“Everywhere we went, people were so kind,” she said. “We stayed in the homes of chapter members and we treated like their own kids. FFA is really like an extended family.” Having the state FFA convention at Silverton High School was exciting for Stadeli because she had the chance
She also visited the Kliptown Youth Program, whose mission it is to eradicate the poverty of mind, body and soul and to fight against the disadvantages imposed on the children by providing educational support and after school activities.
“We’ve had a successful FFA chapter in Silverton for so many years and I’m so proud to show it off to FFA members from across Oregon,” Stadeli said. Before the convention began, Stadeli spent some time reflecting on her whirlwind year. One of the highlights was traveling to South Africa, visiting
“This is a place where they planted grass so kids could play,” she said. “Before they planted the grass, the kids had never seen grass. The program was a sanctuary for the kids who were the happiest kids I have met.” In the fall, Stadeli will attend the University of Portland to study nursing. Between now and then, she plans to travel to California, Illinois and New York to help at their state FFA conventions. And she plans to find a summer job.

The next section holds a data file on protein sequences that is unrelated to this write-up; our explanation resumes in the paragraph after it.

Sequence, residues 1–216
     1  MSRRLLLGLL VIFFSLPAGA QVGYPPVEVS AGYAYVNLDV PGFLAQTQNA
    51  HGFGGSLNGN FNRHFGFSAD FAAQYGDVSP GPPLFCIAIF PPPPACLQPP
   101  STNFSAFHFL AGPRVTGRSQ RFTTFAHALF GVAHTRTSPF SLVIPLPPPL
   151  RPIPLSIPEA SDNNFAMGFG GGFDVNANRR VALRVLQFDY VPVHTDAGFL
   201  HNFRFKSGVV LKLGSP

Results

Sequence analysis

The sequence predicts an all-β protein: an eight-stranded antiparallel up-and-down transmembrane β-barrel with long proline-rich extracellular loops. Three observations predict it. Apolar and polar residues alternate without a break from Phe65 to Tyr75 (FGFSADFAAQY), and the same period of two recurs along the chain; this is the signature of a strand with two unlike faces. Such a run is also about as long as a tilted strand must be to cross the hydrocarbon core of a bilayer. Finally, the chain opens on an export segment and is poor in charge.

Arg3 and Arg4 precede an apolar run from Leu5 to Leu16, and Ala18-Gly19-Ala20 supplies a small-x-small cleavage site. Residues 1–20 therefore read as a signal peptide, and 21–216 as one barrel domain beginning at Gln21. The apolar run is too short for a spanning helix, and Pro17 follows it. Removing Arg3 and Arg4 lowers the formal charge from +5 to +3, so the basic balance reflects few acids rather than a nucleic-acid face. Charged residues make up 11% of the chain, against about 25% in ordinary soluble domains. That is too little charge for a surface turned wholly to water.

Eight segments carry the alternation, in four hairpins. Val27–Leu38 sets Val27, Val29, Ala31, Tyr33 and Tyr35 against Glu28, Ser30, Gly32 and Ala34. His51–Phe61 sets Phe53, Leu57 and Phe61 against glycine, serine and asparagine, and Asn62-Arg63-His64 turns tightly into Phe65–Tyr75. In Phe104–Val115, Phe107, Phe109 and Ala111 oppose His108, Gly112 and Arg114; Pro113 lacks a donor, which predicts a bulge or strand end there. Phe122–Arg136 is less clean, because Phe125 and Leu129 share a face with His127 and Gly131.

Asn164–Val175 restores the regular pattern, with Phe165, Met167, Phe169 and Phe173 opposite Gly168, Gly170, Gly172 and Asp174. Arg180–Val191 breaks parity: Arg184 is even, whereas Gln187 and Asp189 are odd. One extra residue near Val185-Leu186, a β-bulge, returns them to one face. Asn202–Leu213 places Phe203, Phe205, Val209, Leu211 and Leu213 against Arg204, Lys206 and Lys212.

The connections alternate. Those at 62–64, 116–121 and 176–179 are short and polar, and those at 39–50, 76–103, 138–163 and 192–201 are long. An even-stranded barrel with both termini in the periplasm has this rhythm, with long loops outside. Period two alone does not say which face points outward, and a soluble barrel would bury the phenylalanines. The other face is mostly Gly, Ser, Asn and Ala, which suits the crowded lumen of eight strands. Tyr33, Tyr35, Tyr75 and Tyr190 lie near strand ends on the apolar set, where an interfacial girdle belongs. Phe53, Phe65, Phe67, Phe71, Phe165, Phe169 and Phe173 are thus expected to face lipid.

Being on the state leadership team has taught her valuable lessons she can use in college and life. She’s learned the art of compromise, especially when working with people who are all leaders. “We all learned we can’t always be right all of the time,” she said. The theme for the state convention was Summit, Stadeli said, adding throughout the convention FFA members were encouraged to overcome obstacles and to obtain goals they never thought possible. At the state convention, Stadeli retired as sentinel, saying she is hanging up her corduroy suit one final time. “As far as I know I will be the first Oregon FFA state officer to ever retire in her hometown,” Stadeli said. She’s encourages other students to learn more about FFA. “Being part of FFA has taught me so many things, including what I am good at and it has given me the confidence to do whatever comes next.”